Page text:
Wednesday, December 28, 2005

Think of the Children
As you might guess, I’ve made a few trips to A&B Sound for pre- and post-Christmas shopping. Lately they’ve set up big displays that follow
you all the way to the cashier, flaunting impulse buys for every age and taste. One of these shelves is marked “For Mom” and features the Bon Jovi box set, the new Brian Wilson album, and other mom-friendly audio/visual treats. Next to that display are racks of stuff “For Dad”—Sin City, the AC/DC catalogue, and the recent reissue/remaster of Van der Graaf Generator’s The Least We Can Do is Wave to Each Other. You mean people like me actually breed? If you know anyone whose dad asked for that in his stocking, call social services.

The VdGG remasters are actually pretty keen, and if I didn’t already own multiple copies of these albums I’d be snapping them up. The only reissue I’ve bought on sight is their third album, H to He Who Am the Only One (1970). I now own four copies of this record, sorry to say. But the new one has bonus tracks…spectacular ones! The first addition is worth the price alone—“Squid I/Squid II/Octopus” live and unhinged in the studio during the Pawn Hearts sessions in 1971. This is a 15-minute medley of early songs that formed a big chunk of VdGG’s live set up to the band’s implosion in 1972. It’s glorious to hear the band in full blow, just like you might have on the Six-Bob Tour. Listen to mad boffin Hugh Banton’s organ sing to the heavens then puke its guts out, or marvel at how he summons the heaviest sound in the universe for the rush to the song’s end. Reel from the unrelenting Guy Evans at the drum kit, almost willing the whole enterprise to fly apart while shouldering his rhythm section responsibilities with ease. Hammill in manic young man mode screams into the din, but for most of the track he backs off and lets his band do their thing. It’s thrilling to hear them play live in such a high-fidelity environment. Their BBC sessions captured some of the group’s raw energy, but lacked this recording’s ripped-to-the-tits spontaneity, and no bootleg from this era comes close sonically. The last song is an earlier take of H to He’s third track, “The Emperor in his War Room,” a gruesome, spiteful treatise on tyranny where a warmongering politician is visited by the ghosts of those he’s sent to death (“In the night they steal your eye from its socket/and the ball hangs fallen on your cheek”). Other than its spectacular lyrics and “War Pigs” worthy imagery (I think H to He is by far the most Sabbatherian VdGG album), this track is most famous for Robert Fripp’s guest appearance, sitting in on guitar. Although Fripp isn’t on this version, Jaxon lays down some extra flute where the guitar solo eventually appeared, marking this take as a carefully measured run-through for the heavier version that made it onto the album. Not something that’ll make you re-evaluate the larger work, but as an archival curiosity for fans, it’s gold. Keep it in mind for Father’s Day in case the old man really digs that copy of The Least We Can Do…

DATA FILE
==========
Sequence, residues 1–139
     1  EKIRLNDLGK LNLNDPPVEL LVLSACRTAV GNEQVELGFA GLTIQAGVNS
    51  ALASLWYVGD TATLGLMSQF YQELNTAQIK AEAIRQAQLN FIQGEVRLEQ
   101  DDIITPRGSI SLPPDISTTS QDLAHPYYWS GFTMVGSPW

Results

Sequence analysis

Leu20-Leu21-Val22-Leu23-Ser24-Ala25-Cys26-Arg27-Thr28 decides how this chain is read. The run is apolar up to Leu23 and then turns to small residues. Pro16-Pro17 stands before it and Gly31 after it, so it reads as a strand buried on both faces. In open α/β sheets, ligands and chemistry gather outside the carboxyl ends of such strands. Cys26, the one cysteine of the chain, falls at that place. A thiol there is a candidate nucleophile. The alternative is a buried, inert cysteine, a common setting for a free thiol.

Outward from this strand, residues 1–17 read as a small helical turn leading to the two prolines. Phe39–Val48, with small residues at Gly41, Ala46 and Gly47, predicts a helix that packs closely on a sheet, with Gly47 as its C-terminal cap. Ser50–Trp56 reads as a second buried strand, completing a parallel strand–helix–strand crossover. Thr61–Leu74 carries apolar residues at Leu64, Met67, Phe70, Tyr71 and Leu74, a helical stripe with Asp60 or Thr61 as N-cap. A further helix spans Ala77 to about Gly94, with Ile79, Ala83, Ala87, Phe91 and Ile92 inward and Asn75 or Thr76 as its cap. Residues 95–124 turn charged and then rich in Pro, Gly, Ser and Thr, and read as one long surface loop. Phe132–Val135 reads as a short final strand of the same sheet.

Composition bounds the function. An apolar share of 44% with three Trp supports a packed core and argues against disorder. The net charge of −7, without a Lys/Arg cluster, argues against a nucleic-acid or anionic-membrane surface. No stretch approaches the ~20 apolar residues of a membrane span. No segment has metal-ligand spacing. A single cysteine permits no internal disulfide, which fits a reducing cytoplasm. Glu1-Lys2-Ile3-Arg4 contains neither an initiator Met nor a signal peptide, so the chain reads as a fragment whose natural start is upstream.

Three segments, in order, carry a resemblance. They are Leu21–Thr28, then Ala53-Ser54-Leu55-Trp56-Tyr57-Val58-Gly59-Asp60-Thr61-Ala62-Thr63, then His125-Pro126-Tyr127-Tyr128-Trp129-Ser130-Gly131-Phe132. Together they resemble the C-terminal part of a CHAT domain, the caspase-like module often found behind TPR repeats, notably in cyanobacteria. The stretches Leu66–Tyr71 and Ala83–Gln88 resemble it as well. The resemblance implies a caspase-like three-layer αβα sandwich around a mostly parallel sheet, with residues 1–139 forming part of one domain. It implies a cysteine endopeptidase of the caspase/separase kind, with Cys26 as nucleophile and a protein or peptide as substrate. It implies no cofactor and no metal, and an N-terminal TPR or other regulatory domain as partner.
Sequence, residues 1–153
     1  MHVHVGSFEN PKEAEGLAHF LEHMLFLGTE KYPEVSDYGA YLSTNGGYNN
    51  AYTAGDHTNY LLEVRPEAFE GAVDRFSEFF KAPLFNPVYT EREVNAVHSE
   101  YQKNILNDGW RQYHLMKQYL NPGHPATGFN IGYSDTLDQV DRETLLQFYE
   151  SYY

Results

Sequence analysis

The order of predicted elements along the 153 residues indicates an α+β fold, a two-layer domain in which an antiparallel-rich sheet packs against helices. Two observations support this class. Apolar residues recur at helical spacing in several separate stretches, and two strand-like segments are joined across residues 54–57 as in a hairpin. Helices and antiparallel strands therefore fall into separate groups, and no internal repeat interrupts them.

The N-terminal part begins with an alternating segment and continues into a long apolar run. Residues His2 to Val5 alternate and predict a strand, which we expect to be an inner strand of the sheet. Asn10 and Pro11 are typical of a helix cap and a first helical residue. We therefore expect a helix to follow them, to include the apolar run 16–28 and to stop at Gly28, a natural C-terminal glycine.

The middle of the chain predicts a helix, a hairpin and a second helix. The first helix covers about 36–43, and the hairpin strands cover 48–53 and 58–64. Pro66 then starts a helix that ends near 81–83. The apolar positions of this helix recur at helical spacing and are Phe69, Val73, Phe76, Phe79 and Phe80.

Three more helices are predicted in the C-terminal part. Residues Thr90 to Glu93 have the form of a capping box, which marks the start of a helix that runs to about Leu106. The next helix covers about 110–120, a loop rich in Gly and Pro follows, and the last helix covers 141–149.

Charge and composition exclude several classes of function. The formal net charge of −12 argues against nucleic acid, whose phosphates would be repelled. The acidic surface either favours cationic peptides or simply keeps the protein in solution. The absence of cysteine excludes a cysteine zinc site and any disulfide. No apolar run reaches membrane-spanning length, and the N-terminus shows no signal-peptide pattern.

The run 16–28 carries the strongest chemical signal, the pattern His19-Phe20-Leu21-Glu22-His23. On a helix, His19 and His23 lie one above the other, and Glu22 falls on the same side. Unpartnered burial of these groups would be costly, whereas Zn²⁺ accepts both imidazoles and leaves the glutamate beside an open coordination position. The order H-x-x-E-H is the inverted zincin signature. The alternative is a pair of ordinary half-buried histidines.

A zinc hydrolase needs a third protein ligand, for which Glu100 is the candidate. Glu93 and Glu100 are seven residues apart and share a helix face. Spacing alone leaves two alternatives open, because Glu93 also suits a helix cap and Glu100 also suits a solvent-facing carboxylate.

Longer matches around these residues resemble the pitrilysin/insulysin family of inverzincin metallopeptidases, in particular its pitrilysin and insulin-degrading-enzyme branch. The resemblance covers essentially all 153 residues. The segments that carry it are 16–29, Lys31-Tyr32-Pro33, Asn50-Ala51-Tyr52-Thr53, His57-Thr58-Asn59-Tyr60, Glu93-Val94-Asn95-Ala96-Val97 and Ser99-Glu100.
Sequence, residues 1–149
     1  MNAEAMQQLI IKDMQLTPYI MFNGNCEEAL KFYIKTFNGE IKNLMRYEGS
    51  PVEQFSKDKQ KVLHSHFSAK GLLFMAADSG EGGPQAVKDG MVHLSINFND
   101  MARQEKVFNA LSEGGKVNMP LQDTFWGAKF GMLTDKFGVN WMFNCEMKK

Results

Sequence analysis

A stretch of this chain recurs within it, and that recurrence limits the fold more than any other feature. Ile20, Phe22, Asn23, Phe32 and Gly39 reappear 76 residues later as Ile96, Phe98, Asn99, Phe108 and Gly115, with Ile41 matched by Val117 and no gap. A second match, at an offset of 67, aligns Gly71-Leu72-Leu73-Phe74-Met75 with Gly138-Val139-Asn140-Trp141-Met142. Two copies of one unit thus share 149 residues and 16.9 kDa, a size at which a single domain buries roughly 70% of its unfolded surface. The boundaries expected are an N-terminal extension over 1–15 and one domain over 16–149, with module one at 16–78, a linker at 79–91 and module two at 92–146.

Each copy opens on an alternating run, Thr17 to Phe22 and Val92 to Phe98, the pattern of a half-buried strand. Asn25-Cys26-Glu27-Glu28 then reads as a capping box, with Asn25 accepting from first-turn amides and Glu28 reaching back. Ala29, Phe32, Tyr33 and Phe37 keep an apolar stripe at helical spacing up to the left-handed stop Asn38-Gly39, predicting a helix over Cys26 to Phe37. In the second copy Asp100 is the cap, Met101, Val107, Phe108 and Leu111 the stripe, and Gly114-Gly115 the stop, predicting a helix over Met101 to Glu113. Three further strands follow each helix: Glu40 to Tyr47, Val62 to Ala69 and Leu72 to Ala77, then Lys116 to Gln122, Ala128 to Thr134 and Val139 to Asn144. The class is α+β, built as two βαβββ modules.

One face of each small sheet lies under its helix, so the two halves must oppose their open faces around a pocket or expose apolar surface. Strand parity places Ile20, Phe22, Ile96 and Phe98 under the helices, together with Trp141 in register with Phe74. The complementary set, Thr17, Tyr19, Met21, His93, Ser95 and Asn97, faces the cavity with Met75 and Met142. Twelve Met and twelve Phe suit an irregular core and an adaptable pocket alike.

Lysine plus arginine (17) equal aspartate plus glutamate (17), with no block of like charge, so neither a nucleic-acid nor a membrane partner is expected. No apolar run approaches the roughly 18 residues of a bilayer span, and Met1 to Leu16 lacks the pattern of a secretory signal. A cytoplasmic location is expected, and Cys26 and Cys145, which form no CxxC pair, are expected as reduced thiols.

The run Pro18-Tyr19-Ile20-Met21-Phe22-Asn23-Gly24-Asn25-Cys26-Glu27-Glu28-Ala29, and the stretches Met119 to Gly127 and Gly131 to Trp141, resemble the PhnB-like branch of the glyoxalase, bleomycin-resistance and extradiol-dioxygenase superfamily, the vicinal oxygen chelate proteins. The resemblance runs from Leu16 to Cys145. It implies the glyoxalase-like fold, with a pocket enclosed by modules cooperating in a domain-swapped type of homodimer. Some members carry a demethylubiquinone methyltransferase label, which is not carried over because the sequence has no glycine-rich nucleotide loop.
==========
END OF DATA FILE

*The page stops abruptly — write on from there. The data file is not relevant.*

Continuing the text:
Tuesday, December 06, 2005

Angels of Light—The Angels of Light Sing “Other People” (Young God)
This is an uneasy listen. Michael Gira’s voice demands that you pay attention. He sings/speaks these 12 songs/stories right into your ear. I can’t play this record in the background. It feels rude, like walking out of the room in the middle of a conversation. The “other people” of the album’s title are the subjects of each song—“friends, heroes, and various other entities beyond my control,” says Gira in the liner notes. The people include “My Friend Thor” with his disturbing drawings (one of which lurks behind the CD tray) and alarming sex drive, and Jackie, “dissolving a dream of a world that’s too small for the secrets he keeps,” and, most alarmingly, the apocalyptic spectre of Michael Jackson in “Michael’s White Hands” where Gira rails like a preacher: “Michael bring the truth denied/Michael kill that child inside.” Gira’s backing band here is Akron/Family, a recording act in their own right, who provide consistently surprising arrangements using traditional/folk elements such as mandolin, violin, banjo, slide guitar, handclaps, whistling—and barely any drums at all. Paired with Gira’s acoustic guitar strumming, the music almost steals attention away from the vocals, a third party joining a conversation that gets more rewarding each time I put this album on.